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Tomatillos and peppers

Today I will show you how I make my salsa. It can be used immediately or frozen for a later date (which is my plan). I was very happy to be able to use my freshly grown tomatillos, serrano peppers, and purple cayenne peppers today!

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Purple Cayenne and Serrano Peppers–Aren’t they festive?

You will need:

8-10 tomatillos (consider the size)

1 small purple onion

1 green bell pepper

1-4 spicy peppers (to your taste) such as jalapeño, serrano, cayenne, or poblano

2 garlic cloves

¼ cup of chopped cilantro

1 teaspoon cumin (we call it comino)

Optional: salt and pepper or lime juice to taste

Oven broiler or grill

Broiler safe cookware

Instructions: First place tomatillos without their husks into a bowl of water for ½ hour. This will reduce the sticky texture on the outside. You can heat the broiler during this time.

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The removed tomatillo husks would make a great addition to the compost!

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The tomatillos are taking a water bath for approximately 30 minutes.

Next, dice all vegetables into large chunks and discard the cores and stems of the tomatillos and peppers. Place all veggies into the oven safe dish.

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Cut off the stems and make the veggies ready to go straight to the blender after cooking.

Cook under the broiler for approximately 10 minutes until you see some charring on the veggies. Remove from oven and allow to cool slightly.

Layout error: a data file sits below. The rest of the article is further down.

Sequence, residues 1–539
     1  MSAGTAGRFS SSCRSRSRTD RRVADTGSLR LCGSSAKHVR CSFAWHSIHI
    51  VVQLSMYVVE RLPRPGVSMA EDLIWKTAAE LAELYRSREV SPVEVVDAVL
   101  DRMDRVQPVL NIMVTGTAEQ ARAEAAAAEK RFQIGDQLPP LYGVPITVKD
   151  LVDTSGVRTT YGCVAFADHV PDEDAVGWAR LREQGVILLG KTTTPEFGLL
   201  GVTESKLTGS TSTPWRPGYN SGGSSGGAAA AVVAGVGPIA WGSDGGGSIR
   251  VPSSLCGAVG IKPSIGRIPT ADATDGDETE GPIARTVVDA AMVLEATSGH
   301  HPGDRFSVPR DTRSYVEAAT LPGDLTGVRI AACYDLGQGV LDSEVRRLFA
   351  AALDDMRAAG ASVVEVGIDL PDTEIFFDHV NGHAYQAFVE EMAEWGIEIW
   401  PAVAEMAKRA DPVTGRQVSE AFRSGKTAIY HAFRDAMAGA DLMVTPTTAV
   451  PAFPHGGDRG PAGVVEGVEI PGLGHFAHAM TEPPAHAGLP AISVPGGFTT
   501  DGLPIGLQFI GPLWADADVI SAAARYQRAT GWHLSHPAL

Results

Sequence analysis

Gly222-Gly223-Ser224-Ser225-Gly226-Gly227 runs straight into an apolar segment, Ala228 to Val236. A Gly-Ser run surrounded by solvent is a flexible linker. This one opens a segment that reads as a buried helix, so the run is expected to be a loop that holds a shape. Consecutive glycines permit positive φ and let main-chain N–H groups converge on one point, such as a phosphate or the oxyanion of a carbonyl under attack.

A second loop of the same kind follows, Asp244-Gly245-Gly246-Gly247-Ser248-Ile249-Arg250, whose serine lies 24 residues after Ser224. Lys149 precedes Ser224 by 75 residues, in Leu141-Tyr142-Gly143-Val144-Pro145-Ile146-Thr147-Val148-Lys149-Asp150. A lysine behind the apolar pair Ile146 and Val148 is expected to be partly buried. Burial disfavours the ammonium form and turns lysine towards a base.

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Slightly charred and very flavorful, the vegetables are ready to be made into a delicious salsa.

Place all of the cooked veggies and remaining ingredients into a food processor and chop to desired consistency.

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I leave a lot of seeds because we like the heat and the texture, but you can always remove them before adding to the blender if that suits your taste.

Now you can add your salsa to your desired recipe, place in a freezer safe bag for later use, or enjoy it fresh with chips immediately.

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Ready to be used on a later date, the salsa is packed in freezer safe bags with the air squeezed out.

 

Next time, I will write about how I intend to use this salsa—in homemade Christmas Tamales! Joy to this household, a taste of home has come! That makes my heart sing.

How do you use your tomatillos? I would welcome any growing or cooking ideas you have!